None of us like to hear that our children have done something wrong.  But just like adults, they will make mistakes all the time, some of them ethical mistakes.  It’s by learning from the natural consequences of these mistakes, and asking for forgiveness, that a strong character is forged.

Honesty;  transparency and caring enough not to let a friend get away with a lie, even if it is a small one.  Then genuinely forgiving others when they stray, as we hope they’ll forgive us. These are the building blocks that make for a strong community.

We will continue to hold the Eagles to their promises and the high standards they set.  And we will celebrate when our children’s friends hold them accountable for small transgressions, before sex, alcohol, drugs and driving make the consequences far more severe.







Launching LaunchPad

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Two weeks ago week we announced at a parent meeting our plans for LaunchPad, the name Eagles have given to our new high school, which will open in the fall of 2015 (though the most advanced middle school Eagles already are working on the model, and will be experimenting with the curriculum next fall.)

LaunchPad will allow Eagles the freedom to choose their own adventures, while preserving the option to attend a selective college.

During the Launchpad years, Eagles will dig into advanced reading, literary analysis, writing and communication skills, tackling advanced Math concepts, serious Socratic discussions in Civilization and even creating Quests for the lower studios, as a way of doing deep explorations into Science and the Arts.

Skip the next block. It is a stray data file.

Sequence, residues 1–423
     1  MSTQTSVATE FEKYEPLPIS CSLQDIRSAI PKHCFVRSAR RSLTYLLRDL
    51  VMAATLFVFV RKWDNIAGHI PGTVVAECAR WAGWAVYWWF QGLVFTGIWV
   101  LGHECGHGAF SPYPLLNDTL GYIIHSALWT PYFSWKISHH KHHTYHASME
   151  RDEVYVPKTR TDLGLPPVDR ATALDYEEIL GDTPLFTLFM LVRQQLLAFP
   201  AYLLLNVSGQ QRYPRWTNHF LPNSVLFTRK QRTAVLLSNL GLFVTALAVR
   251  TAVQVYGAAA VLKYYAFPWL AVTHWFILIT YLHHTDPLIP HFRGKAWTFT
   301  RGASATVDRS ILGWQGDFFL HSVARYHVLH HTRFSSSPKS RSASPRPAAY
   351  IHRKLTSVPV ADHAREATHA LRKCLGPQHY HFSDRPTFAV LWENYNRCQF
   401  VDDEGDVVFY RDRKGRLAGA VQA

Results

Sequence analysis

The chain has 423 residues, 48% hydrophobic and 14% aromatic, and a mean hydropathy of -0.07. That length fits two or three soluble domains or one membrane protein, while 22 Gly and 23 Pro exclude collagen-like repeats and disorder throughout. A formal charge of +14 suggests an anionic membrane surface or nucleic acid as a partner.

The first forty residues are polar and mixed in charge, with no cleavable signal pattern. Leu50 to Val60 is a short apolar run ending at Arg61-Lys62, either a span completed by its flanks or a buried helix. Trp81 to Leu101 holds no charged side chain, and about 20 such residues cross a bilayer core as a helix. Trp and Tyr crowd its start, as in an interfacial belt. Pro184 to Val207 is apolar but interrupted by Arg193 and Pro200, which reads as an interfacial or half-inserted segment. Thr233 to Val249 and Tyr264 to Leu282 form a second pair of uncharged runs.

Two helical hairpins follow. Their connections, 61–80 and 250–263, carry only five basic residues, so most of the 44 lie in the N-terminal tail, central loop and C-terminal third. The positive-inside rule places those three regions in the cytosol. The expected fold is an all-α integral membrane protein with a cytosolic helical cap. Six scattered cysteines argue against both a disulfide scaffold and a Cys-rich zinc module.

Longer term, serious, for pay apprenticeships will play a big role in LaunchPad as well, giving Eagles a chance to test their skills and thirst for a calling in the real world, long before most young adults make a blind choice of a college major.

And, on top of these accomplishments, LaunchPad Eagles will assume many of the responsibilities for running the lower studios, earning Learning Badges that would qualify them as exceptional leaders in the world’s leading companies and not-for-profits.

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How will we accomplish all of this?  Two secrets:

  1. Our Eagles can work at 10X the normal rate, when absorbed in something they love.  Allowing individual choice leads to an exponential increase in the quality of work and the number of skills mastered.
  2. Arranging Quests as a series of badges that demonstrate competence and mastery, allows us to sequence challenges in a way that delivers real world skills, while still preserving the ability to map these badges into a more traditional (and artificial) traditional high school curriculum.

How do you create a portal into the real world that equips and inspires young people?

Start with a blank sheet of paper; embrace 21st century learning; combine with ageless wisdom; and above all else, ask the young heroes to help you build it.

Exhibitions and Eagles: “May I please do more work?”